The Least Popular States to Visit in the U.S. (and Why You Should Travel There)

The Least Popular States to Visit in the U.S. (and Why You Should Travel There)
Photo: ChristineMinato, Shutterstock

If you’re American, it’s not uncommon for your travel bucket list to include visiting all fifty states. You’ve probably gotten some of the big ones, like New York, California, and Florida, out of the way already — that’s because these states have obvious attractions. No one wonders if there are any fun activities to do in the Big Apple or along the California coast. The daunting aspect of visiting all fifty states isn’t visiting the heavy hitters; it’s figuring out what to do in the states that, except for a brief period in fifth grade, you don’t even know the capitals of.

These states tend to be underrepresented in media and frequently not focused on in school curriculum. But that doesn’t make them any less worthy of your tourism. In fact, they have quite a bit to offer. Here are the five least-visited states in the country, and two reasons to go and check each of them out.

Vermont

The obvious reason to visit

The skiing. Skiing accounts for a large portion of Vermont’s tourism in any given year, and when you go to visit, you’ll see why. Vermont is littered with beautiful mountains up and down the state. The state’s flagship skiing town, Stowe, is nicknamed the “ski capital of the east.” What if you’re a skiing appreciator but your actual skiing days are behind you? Fret not, as Stowe is also the home to the Vermont Ski and Snowboard Museum.

The less obvious reason to visit

The quarries. If skiing’s not your thing, check out Vermont in the summertime. An interesting characteristic of Vermont is it’s covered in quarries, both active and inactive, and all are a sight to behold. You can take tours of active quarries like the Rock of Ages, or go swimming or cliff-jumping in local quarries for a quick and cheap thrill. Just be careful — these quarries are often swim-at-your-own-risk.

Montana

The obvious reason to visit

Big Sky. Often considered a crown jewel of Montana, Big Sky is among their most prominent attractions because of its breathtaking landscapes and tourism infrastructure. Activities include hiking, whitewater rafting, and wildlife viewing. Once you factor in a vibrant art and restaurant scene, Big Sky becomes a no-brainer for anyone looking to visit the Treasure State.  

The less obvious reason to visit

The Montana Vortex. The Montana Vortex is described as a “genuine quantum or gravitational anomaly that defies the laws of physics and nature.” I don’t know about you, but I’ve never seen a genuine quantum or gravitational anomaly in my life, so the prospect of visiting one piques my interest. The sensation has been labelled as “hard to describe” but in essence throws off your inner balance, as well as creates optical illusions, in a truly mind-boggling way.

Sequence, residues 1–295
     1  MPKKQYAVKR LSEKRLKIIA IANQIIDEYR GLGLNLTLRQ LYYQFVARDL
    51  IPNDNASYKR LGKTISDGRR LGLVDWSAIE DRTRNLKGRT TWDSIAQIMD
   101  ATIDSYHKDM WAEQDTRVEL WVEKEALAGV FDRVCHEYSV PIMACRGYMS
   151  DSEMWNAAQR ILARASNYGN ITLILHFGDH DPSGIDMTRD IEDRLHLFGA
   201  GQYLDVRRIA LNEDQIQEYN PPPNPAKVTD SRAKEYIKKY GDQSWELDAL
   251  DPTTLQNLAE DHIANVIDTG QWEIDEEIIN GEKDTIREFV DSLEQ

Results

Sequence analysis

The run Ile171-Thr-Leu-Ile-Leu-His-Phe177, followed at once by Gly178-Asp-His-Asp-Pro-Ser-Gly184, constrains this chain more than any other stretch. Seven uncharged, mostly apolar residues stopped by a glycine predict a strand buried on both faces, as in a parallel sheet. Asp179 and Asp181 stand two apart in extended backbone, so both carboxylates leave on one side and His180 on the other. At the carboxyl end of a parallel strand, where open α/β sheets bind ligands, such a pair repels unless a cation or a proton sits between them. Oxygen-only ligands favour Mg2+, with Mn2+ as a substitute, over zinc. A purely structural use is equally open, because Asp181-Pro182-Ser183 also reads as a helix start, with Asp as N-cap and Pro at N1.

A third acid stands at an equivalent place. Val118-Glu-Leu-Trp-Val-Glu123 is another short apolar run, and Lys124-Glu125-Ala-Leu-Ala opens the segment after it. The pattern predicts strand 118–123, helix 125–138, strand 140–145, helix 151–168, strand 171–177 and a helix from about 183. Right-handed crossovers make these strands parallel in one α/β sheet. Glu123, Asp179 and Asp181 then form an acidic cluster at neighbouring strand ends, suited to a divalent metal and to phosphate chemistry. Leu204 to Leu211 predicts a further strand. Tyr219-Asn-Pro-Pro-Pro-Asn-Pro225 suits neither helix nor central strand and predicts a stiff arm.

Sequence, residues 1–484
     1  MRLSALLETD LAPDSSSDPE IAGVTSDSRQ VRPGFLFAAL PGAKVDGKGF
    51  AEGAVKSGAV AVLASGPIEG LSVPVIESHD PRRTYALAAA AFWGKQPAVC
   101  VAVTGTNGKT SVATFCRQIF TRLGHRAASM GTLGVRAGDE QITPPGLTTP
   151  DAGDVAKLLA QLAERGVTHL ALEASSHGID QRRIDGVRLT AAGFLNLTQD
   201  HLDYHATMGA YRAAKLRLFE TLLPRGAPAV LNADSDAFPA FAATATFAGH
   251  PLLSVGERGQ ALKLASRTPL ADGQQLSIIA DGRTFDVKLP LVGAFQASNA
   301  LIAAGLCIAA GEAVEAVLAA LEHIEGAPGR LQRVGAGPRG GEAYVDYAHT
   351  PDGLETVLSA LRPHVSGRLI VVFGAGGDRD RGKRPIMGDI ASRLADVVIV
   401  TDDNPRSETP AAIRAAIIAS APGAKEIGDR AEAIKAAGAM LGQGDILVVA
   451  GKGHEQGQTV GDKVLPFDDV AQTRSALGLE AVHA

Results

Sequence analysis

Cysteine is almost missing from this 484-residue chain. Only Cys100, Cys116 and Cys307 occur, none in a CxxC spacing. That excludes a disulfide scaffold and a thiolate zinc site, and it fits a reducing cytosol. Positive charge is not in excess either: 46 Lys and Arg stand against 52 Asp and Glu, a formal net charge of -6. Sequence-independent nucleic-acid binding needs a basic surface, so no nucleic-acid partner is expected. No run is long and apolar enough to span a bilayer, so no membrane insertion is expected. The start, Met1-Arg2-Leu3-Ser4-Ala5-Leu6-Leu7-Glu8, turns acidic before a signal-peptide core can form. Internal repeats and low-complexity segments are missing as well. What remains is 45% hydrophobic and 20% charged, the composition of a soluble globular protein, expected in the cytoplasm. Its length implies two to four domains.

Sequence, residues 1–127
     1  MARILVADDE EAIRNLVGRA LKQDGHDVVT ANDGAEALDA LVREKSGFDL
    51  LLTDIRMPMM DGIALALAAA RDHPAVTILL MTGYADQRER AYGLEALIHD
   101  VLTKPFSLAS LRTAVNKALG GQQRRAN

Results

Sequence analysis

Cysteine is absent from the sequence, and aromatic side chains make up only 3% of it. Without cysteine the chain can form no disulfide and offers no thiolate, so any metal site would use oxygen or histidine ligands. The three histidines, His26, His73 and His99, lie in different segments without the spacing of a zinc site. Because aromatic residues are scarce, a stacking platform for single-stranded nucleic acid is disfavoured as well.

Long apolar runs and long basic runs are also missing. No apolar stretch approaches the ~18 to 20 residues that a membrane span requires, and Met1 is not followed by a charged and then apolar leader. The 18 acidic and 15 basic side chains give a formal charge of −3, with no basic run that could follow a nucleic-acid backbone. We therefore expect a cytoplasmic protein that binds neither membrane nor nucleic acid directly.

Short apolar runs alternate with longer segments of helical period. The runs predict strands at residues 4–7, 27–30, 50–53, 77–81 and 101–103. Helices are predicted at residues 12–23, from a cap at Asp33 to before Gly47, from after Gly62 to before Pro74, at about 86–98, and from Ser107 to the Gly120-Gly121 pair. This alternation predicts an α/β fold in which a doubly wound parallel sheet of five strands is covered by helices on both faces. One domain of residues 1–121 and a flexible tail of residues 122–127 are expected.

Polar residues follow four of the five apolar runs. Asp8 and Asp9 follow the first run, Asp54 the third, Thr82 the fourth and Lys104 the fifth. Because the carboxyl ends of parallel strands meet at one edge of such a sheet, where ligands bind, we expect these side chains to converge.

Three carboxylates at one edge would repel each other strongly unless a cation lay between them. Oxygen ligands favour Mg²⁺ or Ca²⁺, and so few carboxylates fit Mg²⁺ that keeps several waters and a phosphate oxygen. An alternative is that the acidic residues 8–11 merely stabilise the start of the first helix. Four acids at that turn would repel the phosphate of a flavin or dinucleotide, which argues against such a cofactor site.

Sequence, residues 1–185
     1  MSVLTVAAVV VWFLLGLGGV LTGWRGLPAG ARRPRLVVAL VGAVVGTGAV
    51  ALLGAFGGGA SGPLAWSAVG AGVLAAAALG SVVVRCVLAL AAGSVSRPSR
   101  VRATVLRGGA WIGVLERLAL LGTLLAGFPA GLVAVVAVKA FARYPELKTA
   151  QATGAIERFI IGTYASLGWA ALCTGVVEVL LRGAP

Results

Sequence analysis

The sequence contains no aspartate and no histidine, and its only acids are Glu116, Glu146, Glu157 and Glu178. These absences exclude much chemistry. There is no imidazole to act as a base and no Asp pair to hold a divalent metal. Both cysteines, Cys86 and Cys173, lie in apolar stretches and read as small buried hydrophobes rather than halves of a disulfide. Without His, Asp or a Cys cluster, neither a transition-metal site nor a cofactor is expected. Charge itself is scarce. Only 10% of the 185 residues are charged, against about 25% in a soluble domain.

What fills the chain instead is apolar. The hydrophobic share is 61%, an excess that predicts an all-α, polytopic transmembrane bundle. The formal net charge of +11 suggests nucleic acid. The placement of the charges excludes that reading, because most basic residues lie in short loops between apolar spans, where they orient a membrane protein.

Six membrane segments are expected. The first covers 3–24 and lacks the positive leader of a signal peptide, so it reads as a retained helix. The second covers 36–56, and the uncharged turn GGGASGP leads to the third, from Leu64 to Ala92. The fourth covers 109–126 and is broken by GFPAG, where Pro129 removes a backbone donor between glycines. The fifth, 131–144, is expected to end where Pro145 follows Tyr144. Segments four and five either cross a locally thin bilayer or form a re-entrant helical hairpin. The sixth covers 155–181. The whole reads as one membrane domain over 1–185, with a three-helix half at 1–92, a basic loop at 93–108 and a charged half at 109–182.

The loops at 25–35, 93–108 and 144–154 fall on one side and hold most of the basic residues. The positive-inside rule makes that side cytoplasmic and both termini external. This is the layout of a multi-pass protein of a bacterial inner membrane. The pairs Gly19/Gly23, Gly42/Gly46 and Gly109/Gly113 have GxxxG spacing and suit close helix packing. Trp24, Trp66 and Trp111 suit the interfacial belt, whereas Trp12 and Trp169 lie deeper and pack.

Wyoming

The obvious reason to visit

Yellowstone National Park. Telling someone to visiting Wyoming to check out Yellowstone National Park is like telling someone visiting Paris to check out a little place called “The Louvre” — it’s like uh, yeah, we know. But if it’s so obvious, why haven’t you been yet? Hmm? Check out Yellowstone, get a picture in front of Old Faithful, and strike Wyoming off of your bucket list.

The less obvious reason to visit

The Smith Mansion: The Smith Mansion is a collection of wooden terraces and staircases making an amalgamation of a house that looks like it’s straight out of a Stephen King novel. The abandoned log house has become a breeding ground for tales after the owner died during a fall while working on the home in 1992. This structure is worth checking out if you already find yourself on the Buffalo Bill Cody Scenic Byway.

Delaware

The obvious reason to visit

The beaches. If there’s one thing you know about Delaware, it’s that it’s the home of President Joe Biden. But if there’s two things you know about Delaware, it’s that it’s the home to some of the nicest beaches on the East Coast. Between Rehoboth Beach and Lewes, visitors can take in warm waters, whale-watching tours, and even the opportunity to do some tax-free beach shopping.

The less obvious reason to visit

Roosevelt Inlet Shipwreck. I was really excited to share with you the Delaware tradition of the Punkin Chuckin festival, so imagine my disappointment when I learned it moved to North Carolina because of friendlier insurance liability laws. But I’m equally excited to share with you the Roosevelt Inlet Shipwreck. Dating back from the American Revolution, this shipwreck wasn’t uncovered until 2006. Offering a unique look at the Delaware coast, artifacts from the shipwreck are still being found to this day.

Alaska

The obvious reason to visit

Polar bear viewings. Did you know Alaska is the only U.S. state that is home to polar bears in the wild? If you’re willing to pay a pretty penny, you can even see one up close. August to October is what they consider “polar bear viewing season” so go ahead and finally book that late summer trip to Alaska you’ve always been talking about and hit two bucket list birds with one stone.

The less obvious reason to visit

Glacier cruises. If seeing a large chunk of ice is on your bucket list, but you’re still not ready to forgive icebergs for what they did to the Titanic, glaciers might be the way to go. These Alaskan cruise options offer the opportunity to see these land masses up close and personal — something you’d never get to see in Times Square or Disney World.

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